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Outsmart Radon, the Invisible Killer

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Imagine Dragons have it right in their song "Radioactive." When they sing, "I'm breathing in the chemicals," they aren't kidding. Radon is, in fact, radioactive, and it can be deadly. 

In honor of National Radon Action Month (yes, that is a thing, and yes, we have no doubt you're googling it right now), we reached out to Alan Grubb, a master inspector for 4U Inspection Services, to find out what you need to know about radon.  

The invisible killer may be inside your home 

Radon isn't so different from carbon monoxide (CO). Like CO, radon is odorless, invisible, and tasteless. Unlike CO, radon is a radioactive gas (caused by the breakdown of uranium in soil, rock, and water).

"Radon is funky," says Alan. "You could have a house next to you that has a radon mitigation system, and your house could be completely clear. The only way we're going to know is to run a test." 

Radon can infiltrate your home through gaps around pipes.

Radon also isn't deadly at a moment's notice. Instead, it moves through the ground, into the air, and usually finds its way into your home through these entrances:

  • Cracks in the foundation, floors, and walls.
  • Construction joints.
  • Gaps around pipes.
  • Cavities inside walls.
  • Water supply.

We know what you're thinking: If radon isn't an immediate threat to me today, then why should I care?

Radon is really dangerous (really) 

Radon is harmful to your health.

Radon is one of the leading causes of lung cancer in the U.S., according to the nation's top doctor – the Surgeon General. In fact, the non-profit group Cancer Survivors Against Radon found that one person dies from lung cancer caused by radon every 25 minutes and lists radon as the leading cause of lung cancer for people who have never smoked.

For a smoker, the risk of getting lung cancer from radon is five times the risk of dying in a car crash. For non-smokers, it's equal to the risk of dying in a car crash.

So, of course, now you're wondering – 

How do I get radon out of my home?

You may need to install a radon detector.

First, you need to determine your home's radon levels. This is done through short-term and long-term testing (we'll get to the difference in a moment). The National Radon Program Services at Kansas State University offers discounted test kits with analysis at no extra charge. You can also buy a radon kit for your home from your favorite online shop or from your local home improvement store.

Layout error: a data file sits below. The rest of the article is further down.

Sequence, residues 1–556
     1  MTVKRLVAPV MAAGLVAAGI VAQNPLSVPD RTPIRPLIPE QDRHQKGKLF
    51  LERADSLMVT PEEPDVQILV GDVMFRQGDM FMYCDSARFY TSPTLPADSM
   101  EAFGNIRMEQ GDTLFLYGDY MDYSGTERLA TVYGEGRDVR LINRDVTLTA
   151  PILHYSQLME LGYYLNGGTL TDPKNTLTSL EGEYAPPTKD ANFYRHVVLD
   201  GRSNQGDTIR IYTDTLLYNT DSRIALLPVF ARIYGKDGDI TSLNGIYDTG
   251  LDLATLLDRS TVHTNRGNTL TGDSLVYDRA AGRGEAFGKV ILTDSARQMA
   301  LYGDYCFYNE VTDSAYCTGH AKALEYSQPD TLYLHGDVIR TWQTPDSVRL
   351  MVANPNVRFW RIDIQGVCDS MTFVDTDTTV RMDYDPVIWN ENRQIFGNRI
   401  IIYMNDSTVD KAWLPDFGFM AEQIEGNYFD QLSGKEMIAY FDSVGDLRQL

Short-term testing is shorter than 90 days (many only last 2-4 days). Long-term testing is (you guessed it!) more than 90 days with the test sent off to a lab for analysis. Experts recommend both types of testing as radon concentration in a home fluctuates by the day, season, or weather, such as a hurricane and snowstorm.

A radon mitigation can save your home and your life.

A radon level of 4 pCi/L or higher requires immediate attention.

"In EPA standards, anything over what they call four picocuries per liter, which is the measurement, you should consider mitigating," says Alan. "In other words, the EPA recommends putting a system into the home to remove this gas."

Fixing radon involves inserting PVC pipes from the radon-emitting soil beneath the home, up through the roof. A fan draws the air through the system, so it doesn't build up and leach into the living spaces. Even homes with extremely high levels of radon can see a return safe levels with the help of these systems.

​Reduce risks with a home management app

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vipHomeLink can help! Our home management app helps you learn how to maintain a home by putting expert-backed tips in the palm of your hand. You can reduce your risk from not just radon but also other dangers to your home and health, including carbon monoxide and mold. We also provide personalized recommendations for home maintenance and tailored recommendations for home improvement. Plus – our new weather alerts help ready your home for the next severe weather event.

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Originally published on January 29, 2020; updated January 6, 2020


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